Kashya emerged from stealth mode this week, having landed a total of $12 million in funding from Battery Ventures and Jerusalem Global Ventures. The company, founded in December 2000, maintains operations in San Jose, Calif., and Ramat Gan, Israel.
The company's out-of-band data-protection appliance, which is essentially software loaded onto an IBM Corp. (NYSE: IBM) xSeries server, plugs into a storage network to provide remote replication and snapshot functions for heterogeneous servers and storage across multiple locations, via an IP network.
The result? Business continuity in the face of just about any imaginable disaster that may strike locally, remotely, or anywhere in-between at a far lower cost than anything available on the planet today, it boldly claims. [Ed. note: What is this, a preview of Armageddon?]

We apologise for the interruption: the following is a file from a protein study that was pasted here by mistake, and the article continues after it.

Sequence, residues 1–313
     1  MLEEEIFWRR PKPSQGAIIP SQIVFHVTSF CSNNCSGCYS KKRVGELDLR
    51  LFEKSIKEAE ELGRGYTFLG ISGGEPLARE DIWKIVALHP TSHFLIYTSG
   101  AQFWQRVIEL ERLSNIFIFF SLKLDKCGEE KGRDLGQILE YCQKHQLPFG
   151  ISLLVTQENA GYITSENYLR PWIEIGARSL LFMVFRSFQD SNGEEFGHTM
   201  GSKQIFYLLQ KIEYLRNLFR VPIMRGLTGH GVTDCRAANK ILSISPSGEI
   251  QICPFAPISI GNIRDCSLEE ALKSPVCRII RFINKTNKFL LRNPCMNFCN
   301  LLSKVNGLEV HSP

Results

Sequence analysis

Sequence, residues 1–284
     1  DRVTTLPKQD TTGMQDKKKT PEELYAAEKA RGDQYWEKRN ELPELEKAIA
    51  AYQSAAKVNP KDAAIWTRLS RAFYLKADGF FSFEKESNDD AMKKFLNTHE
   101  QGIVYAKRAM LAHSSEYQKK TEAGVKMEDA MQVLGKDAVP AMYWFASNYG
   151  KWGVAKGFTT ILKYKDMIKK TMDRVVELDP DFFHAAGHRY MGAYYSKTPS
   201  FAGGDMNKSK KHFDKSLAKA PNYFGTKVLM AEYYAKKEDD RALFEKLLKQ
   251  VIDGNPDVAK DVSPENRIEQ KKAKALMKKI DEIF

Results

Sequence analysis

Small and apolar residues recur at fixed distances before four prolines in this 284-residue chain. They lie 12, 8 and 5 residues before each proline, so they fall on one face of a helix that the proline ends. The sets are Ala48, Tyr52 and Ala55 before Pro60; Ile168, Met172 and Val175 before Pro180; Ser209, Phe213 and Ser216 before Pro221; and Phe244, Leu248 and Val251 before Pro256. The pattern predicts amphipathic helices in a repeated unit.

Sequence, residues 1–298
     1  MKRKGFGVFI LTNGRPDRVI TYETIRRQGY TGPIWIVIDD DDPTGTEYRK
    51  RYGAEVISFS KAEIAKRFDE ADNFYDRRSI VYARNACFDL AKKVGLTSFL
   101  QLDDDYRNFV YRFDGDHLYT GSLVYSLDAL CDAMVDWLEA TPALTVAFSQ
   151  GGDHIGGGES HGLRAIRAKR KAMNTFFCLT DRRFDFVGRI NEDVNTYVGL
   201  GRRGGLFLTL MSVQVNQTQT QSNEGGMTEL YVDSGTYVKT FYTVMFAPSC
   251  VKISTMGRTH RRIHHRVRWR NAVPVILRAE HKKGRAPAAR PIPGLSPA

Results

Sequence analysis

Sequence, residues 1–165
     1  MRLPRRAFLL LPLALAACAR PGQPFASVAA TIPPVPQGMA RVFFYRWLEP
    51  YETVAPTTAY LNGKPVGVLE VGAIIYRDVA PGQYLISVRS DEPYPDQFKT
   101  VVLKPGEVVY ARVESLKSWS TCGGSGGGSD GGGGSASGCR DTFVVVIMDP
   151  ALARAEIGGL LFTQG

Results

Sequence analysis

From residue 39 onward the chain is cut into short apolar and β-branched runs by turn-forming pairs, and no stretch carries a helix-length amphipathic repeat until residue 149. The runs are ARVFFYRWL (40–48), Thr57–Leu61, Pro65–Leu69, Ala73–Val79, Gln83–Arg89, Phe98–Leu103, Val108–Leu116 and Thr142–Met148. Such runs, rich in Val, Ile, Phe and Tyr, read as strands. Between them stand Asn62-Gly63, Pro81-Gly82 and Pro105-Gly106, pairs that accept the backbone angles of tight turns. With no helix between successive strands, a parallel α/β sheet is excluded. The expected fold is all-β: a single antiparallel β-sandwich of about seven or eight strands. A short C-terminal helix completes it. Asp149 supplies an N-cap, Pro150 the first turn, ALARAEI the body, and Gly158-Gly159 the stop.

Marketing hyperbole aside, Kashya's product may have some merit. Hooking up a multi-hop DR solution from EMC, for example, really does cost millions. Customers generally have to buy three lots of EMC hardware one each for the primary site, the staging site, and the secondary DR site plus SRDF (Symmetrix Remote Data Facility) replication software and TimeFinder snapshot software. In addition, customers have to purchase a CNT (Nasdaq: CMNT) router or something similar to perform the protocol conversion from Fibre Channel to IP when the data is replicated over a WAN (although new FC-over-Sonet offerings are promising to bypass this step see Nortel Pipes SANs Into Sonet and SANs See Sonet).